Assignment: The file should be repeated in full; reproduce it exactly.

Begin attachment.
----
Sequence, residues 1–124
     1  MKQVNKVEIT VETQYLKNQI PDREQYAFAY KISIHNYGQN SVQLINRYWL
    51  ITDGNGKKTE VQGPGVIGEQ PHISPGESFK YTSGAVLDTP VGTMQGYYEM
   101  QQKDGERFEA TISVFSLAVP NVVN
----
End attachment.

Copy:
Sequence, residues 1–124
     1  MKQVNKVEIT VETQYLKNQI PDREQYAFAY KISIHNYGQN SVQLINRYWL
    51  ITDGNGKKTE VQGPGVIGEQ PHISPGESFK YTSGAVLDTP VGTMQGYYEM
   101  QQKDGERFEA TISVFSLAVP NVVN